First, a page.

If you go down to the woods today…you might see something odd; me falling off a slackline. Slacklining was originally invented by climbers, but has developed a wider appeal over the last few years, and is definitely up there on my list of self propelled sports. Learning to walk across a 2 inch wide piece of webbing is proving pretty tricky, but great fun, and gets me out into the woods at the weekend which can’t be a bad thing. I can only manage about 5 metres without falling off at the moment, however I’m sure controlled bouncing and backflips are only a few weeks away. Travelling Lobster has already attained a much higher level of competence, however I think that’s due to a lower centre of gravity and more limbs; basically he’s cheating.
There are allegedly several benefits to be enjoyed from slacklining, including better balance and posture, improved core strength and concentration, and perhaps even a reduction in your chances of ankle or knee injuries when participating in other sports, which can’t be a bad thing. One can enter an almost meditative state whilst walking the line, as you’re only concentrating on putting one foot in front of the other, and getting to the tree at the other end. Unfortunately my meditative state is usually broken after a few seconds as I tumble off. It’s also pretty hilarious, which helps – laughing is good for the soul. I’ve been learning with a friend, who incidentally is far better than me; the inadvertent monkey noises, arm windmilling, intense expressions of concentration and frequent bouts of swearing are all cause for much hilarity. I’m not sure what people out for a walk in the woods think, must look and sound a bit strange, but I’d throughly recommend it as a cheap, fun, and non environmentally harming activity. Of course you’ll need a bit of patience, but one can look forward to feats such as those being shown off by the individuals in this YouTube clip (I’ve got a way to go yet):
There are loads of YouTube videos you can watch on slacklining, with some pretty amazing stunts, including some people riding bikes over them which I’ll have to try at some point; maybe not with all my panniers on though.
Talking of cycling, two cool things this week, the first being I had my first ever go on a tandem bicycle. There’s a vague plan afoot, with a friend from work, to ride from Cambridge to Norwich on a tandem, raising money for charity. I was slightly dubious of this idea to begin with, especially as my fellow tandem rider hasn’t actually ridden a bike for 25 years, however the initial feasibility study has proven successful, so watch this space.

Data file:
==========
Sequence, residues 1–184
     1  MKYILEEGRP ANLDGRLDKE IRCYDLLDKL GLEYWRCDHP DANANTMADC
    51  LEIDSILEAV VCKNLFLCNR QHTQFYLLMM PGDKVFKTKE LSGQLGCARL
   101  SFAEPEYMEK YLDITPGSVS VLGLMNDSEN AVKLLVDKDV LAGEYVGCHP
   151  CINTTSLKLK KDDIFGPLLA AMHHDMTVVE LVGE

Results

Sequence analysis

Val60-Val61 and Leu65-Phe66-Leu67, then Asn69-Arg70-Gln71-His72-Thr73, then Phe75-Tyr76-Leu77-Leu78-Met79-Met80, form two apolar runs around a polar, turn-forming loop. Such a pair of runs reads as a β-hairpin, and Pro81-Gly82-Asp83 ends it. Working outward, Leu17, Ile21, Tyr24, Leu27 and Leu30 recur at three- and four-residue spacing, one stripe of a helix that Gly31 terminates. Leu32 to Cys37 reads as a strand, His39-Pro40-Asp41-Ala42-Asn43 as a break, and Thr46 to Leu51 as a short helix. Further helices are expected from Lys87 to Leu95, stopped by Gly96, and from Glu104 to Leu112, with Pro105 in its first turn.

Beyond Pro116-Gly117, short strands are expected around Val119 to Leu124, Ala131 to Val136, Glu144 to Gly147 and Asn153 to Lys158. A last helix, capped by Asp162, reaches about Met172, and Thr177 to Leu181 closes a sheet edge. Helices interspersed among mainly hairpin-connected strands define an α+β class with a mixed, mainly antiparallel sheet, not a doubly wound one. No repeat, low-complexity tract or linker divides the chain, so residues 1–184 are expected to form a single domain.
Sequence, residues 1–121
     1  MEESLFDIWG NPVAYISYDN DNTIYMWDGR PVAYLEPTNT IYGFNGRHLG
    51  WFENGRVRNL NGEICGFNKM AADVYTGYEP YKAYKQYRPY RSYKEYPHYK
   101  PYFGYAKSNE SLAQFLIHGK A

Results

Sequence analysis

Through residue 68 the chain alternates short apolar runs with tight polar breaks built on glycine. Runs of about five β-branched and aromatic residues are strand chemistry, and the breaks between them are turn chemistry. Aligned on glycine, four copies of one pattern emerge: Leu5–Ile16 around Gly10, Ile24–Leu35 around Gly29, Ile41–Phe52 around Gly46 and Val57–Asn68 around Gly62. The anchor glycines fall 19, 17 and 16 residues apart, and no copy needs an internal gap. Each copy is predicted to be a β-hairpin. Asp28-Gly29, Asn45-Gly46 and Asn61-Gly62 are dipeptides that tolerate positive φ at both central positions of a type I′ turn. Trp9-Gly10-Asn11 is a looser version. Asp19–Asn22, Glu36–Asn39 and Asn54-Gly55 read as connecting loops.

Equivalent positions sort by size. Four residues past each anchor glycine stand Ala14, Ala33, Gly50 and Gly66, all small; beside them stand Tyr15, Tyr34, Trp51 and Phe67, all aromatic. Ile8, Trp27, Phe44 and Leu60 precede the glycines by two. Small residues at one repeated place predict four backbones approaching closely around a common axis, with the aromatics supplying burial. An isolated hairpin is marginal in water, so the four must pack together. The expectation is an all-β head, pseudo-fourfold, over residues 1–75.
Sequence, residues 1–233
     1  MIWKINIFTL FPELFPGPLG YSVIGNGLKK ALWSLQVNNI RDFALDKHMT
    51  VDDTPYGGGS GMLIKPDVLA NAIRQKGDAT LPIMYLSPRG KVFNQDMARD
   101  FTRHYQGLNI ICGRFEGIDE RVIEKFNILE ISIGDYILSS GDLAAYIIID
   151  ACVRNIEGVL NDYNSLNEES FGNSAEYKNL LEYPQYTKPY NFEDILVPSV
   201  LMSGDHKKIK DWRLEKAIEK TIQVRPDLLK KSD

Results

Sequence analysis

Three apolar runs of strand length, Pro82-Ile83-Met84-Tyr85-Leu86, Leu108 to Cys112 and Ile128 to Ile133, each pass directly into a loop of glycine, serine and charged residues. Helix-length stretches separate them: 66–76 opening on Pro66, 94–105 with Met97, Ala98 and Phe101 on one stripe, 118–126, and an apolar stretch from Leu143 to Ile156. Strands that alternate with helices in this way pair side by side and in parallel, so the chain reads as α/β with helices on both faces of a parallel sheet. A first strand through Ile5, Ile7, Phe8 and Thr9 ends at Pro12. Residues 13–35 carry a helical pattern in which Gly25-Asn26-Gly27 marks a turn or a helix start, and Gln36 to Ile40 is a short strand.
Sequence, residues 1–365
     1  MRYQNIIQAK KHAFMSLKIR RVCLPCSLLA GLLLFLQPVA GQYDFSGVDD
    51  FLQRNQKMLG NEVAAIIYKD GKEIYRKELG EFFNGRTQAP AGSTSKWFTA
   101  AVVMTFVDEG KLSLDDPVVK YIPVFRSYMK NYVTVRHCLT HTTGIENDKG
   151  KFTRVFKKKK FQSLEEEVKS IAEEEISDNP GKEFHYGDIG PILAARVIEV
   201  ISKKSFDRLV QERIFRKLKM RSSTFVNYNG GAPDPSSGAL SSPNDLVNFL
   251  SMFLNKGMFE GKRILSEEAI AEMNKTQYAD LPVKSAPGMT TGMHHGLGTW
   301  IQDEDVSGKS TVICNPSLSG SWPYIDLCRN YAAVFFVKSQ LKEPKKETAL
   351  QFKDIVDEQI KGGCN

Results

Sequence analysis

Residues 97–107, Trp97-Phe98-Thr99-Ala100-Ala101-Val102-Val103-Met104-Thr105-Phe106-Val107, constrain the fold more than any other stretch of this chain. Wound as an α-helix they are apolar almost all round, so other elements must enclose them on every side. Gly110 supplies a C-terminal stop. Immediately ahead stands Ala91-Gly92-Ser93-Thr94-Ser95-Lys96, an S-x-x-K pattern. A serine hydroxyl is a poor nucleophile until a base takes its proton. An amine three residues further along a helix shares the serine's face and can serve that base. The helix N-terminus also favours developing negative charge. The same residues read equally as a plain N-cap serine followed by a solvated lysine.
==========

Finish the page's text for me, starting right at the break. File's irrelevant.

The second cool cycling thing this week is tickets have gone on sale for this years Cycle Touring Festival in Lancashire. I went to the first one last year, which also marked the start point for my 6 month European cycle tour, and can thoroughly recommend it for meeting like-minded individuals who don’t think you’re a bit strange to go off pedalling for weeks, months, or in some cases years, living off what you can pack on your bike. My friend Tony, who with his wife Gill pedalled around the coast of Britain in 2014, following a similar route to mine from 2013, recently wrote an entertaining blog post about the festival and its attendees – http://www.gillandtony.co.uk/its-a-tribal-thing/
You can get tickets for the festival via their website here: http://cycletouringfestival.co.uk
I should probably explain the title of this blog post. Usually I find coming up with a title for a blog pretty easy, but for some reason I’m failing tonight. I’m going to stick with the lyrics from a song I’ve had stuck in my head for the last few days, ever since watching Mockingjay Part 1, which I really enjoyed and very much lived up to the books. ‘Strange things did happen here’ is quite apt in many ways, as lots of strange things do happen, some of which I’ve described above.
And now on to the not so good strange things. Five dead sperm whales have been found on the East coast of England over the last few days, having beached themselves, probably because they got lost in the North Sea where their sonar doesn’t work too well. The North Sea is too shallow for them compared with their normal ranges, meaning they get lost, and if they beach themselves on a sand bank they suffer cardiovascular collapse and organ failure; not a very nice way to go. Sadly this isn’t an uncommon event on our coastline, but I’m hoping it wasn’t caused by humans in this instance; maybe just the whales getting lost whilst chasing their squid prey, rather than getting confused by sounds in the sea originating from us, or becoming ill from a build up of toxins and beaching themselves (PCBs, plastic, radiation etc). I really don’t want to see any more pictures of people taking selfies with dead whales, or as I saw earlier today someone attacking the carcass to claim teeth as trophies; people are pretty awful sometimes.